I’ve talked about the VOC (voice of the customer) in previous posts as a necessity in the product development process. It is just as important for marketers. If you ask any User Experience Professional what the principles of their profession are, one of the first principles you’ll hear is “Know Your Users”. Makes sense, right?

 If you want to create great experiences for users then you must know something about them.  Plus if you don’t know the customers, how do you know what they want? Figuring out what they want and targeting the offer to that is the special sauce.  The marketing industry existed long before UX came along, and good marketers are as focused on their users as any UX professional is. Wikipedia defines marketing as: “Marketing is used to identify the customer, to keep the customer and to satisfy the customer.

Too often marketers focus on macro demos (age, gender, income marital status, other metadata) to determine users and target offers. I’ve even espoused this as a pillar of good marketing tactics. However, these factors only provide the most basic insight into the life of a user. It does not tell the whole story.

Additionally, good marketing often goes unnoticed. When a marketer does their job and presents a timely and valuable product or service we don’t even notice we are being sold. Similarly, a good UX pro can go unnoticed: great design is invisible to users because they’re too busy enjoying the product or service to even think about it. However, when a marketer focuses on the wrong product attributes or misses the market need, it distracts us and we  notice it.  

As job responsibilities often dictate, UX professionals are more focused on design than marketers are. Usually, people start considering UX as part of the product design or development process that ignored or assumed too much about its users. UX Pros try to right this wrong: they have seen how hurtful a poor understanding of users really is. That’s why the phrase “Know Your Users” is so central to UX. UX pros push to have all of this considered during the ideation phase of the PDM cycle.

In essence, UX is really just good marketing. It’s all about knowing who your market is, knowing what is important to them (walking in their shoes), knowing why it is important to them, designing accordingly (rules of engagement) and measuring the delivery. Once released it’s the job of PLM folks to consistently listen and adjust to the marketplace; improving the experience of those in your market.  If you think about it, good marketers actually do a lot of UX work,  and vice-versa. The next time you are ready to start the PDM process, consider UX and marketing as legs to the product stool. They are inexorably connected.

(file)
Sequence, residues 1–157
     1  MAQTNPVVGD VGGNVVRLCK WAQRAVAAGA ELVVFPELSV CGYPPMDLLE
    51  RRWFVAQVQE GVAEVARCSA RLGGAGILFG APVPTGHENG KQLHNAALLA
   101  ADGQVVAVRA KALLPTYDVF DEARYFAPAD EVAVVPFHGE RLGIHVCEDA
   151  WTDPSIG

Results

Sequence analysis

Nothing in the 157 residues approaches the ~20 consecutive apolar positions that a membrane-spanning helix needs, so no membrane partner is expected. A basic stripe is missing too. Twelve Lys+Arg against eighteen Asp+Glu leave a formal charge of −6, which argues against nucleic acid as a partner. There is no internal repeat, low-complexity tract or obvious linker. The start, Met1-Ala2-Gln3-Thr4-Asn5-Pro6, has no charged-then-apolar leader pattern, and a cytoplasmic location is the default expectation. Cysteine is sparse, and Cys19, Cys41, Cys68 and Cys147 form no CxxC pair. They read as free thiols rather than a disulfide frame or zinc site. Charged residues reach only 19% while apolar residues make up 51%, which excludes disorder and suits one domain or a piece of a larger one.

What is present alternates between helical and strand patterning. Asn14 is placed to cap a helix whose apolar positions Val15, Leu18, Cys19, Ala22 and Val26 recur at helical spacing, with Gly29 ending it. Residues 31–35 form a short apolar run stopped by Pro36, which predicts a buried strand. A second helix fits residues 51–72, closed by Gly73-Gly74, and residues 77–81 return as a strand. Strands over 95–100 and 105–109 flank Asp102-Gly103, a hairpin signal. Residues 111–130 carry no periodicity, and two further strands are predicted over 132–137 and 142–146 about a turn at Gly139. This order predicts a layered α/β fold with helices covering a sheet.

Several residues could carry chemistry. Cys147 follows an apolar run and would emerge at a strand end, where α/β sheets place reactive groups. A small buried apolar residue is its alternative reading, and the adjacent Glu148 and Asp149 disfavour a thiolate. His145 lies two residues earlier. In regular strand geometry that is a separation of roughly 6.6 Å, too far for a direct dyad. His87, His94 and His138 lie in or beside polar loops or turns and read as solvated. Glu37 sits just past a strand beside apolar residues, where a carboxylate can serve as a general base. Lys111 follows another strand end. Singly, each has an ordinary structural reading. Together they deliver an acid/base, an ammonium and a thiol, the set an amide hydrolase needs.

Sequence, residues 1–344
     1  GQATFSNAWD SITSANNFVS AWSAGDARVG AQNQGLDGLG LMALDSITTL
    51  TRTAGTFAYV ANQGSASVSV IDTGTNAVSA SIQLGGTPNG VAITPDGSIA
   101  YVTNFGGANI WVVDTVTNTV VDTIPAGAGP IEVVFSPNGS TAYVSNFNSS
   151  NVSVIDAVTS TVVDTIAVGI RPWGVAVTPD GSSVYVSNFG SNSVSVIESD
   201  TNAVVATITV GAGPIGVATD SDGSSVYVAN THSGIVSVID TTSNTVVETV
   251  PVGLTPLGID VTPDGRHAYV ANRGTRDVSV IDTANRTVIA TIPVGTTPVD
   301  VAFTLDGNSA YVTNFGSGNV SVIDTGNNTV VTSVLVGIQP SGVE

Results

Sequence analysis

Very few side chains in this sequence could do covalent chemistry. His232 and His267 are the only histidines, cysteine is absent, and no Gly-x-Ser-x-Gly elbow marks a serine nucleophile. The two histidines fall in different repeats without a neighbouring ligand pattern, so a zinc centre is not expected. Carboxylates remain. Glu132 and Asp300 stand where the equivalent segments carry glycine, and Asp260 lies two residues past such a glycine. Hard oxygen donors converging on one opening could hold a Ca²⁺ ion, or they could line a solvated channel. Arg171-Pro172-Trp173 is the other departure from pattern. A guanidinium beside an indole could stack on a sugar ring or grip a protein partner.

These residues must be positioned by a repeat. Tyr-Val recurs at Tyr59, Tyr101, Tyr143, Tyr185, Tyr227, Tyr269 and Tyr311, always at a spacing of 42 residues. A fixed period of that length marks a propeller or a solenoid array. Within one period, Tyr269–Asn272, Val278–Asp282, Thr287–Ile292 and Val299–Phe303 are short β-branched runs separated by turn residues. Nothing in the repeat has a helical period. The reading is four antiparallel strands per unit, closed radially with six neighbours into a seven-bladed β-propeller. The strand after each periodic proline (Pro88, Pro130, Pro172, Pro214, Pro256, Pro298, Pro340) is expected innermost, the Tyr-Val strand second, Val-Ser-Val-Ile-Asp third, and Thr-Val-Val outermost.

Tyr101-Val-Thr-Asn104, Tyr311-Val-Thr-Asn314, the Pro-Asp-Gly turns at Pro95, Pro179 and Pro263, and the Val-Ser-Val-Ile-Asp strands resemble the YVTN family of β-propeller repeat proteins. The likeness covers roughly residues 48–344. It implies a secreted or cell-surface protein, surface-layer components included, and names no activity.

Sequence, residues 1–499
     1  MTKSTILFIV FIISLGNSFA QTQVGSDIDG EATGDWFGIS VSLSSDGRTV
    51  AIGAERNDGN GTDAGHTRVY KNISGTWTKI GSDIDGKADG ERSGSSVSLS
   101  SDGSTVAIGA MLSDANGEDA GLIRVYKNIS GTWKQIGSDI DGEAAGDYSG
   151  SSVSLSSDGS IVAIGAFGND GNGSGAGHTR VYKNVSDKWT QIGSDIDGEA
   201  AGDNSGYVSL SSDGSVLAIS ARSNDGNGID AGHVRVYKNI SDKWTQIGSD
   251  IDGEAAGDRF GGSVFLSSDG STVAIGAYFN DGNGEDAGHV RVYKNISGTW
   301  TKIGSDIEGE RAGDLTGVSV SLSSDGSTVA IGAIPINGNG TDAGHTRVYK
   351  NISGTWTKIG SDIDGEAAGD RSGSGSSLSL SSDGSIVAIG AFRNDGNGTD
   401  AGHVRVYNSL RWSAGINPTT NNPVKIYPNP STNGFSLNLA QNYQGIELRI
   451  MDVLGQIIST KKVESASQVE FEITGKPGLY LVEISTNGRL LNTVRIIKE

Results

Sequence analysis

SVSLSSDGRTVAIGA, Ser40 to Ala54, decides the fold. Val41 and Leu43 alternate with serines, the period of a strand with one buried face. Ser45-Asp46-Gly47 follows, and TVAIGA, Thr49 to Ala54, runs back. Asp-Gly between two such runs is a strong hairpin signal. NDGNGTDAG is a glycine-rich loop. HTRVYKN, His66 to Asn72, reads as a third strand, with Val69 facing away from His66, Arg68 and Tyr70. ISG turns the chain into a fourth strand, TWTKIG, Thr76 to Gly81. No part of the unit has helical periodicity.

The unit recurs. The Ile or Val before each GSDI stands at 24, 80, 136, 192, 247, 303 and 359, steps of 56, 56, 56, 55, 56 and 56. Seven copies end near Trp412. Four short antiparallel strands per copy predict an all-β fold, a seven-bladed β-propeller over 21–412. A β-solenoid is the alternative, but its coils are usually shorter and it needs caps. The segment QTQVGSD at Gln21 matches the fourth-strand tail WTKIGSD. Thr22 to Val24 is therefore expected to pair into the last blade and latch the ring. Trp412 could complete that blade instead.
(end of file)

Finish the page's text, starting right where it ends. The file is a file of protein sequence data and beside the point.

You may have the best GTM strategy, an excellent project manager, built and brought your product to market with the customer in focus, but if your offer is not surrounded with marketing programs that match your brand, you are sure to miss your mark. The continuum of the GTM cycle must include marketing programs as part of the LEARN Phase of LBGUPS that add to your company or product line brand.

Let’s assume we are starting our brand, launching a new product line or transforming our offer plan for a product line. We need to ask a few key questions:

  1. Is our brand and marketing programs conveying consistent messaging, and building on our established brand?
  2. Have we done research and segmented our customer base to target our offers?
  3. Do our offers leverage each other?

Tamsen McMahon adds another apropos question to the list from a recent post on her blog shared with Amber Naslund http://www.brasstackthinking.com/2010/08/offer-or-sell/ “Offer or Sell?”.  Are we offering what we sell or selling what we offer?

Companies need to further the customer relationship and offer value vs. a product. Do you want to be perceived as a company that pushes widget after widget with little value add? You might  sell units, but will might fail to build a lasting relationship with your customer.  The marketing activities you use to support your product should not only push your current offer, but enhance brand awareness and elicit brand resonance/loyalty. If your brand fails to resonate and people don’t buy in to, you are doomed.

In today’s climate of corporate distrust fueled by bankruptcies, accounting scandals and non-transparency, your brand must be consistent truthful and respected to continue to enjoy success. As David Kiley explores in the clip on my vodpod widget on the right for Business Week, brand trust is what sets the stage for great performance and consumer trust.

In a nutshell, bring your product/service to market, build your reputation, treat your customers as your #1 commodity and watch the profits roll in.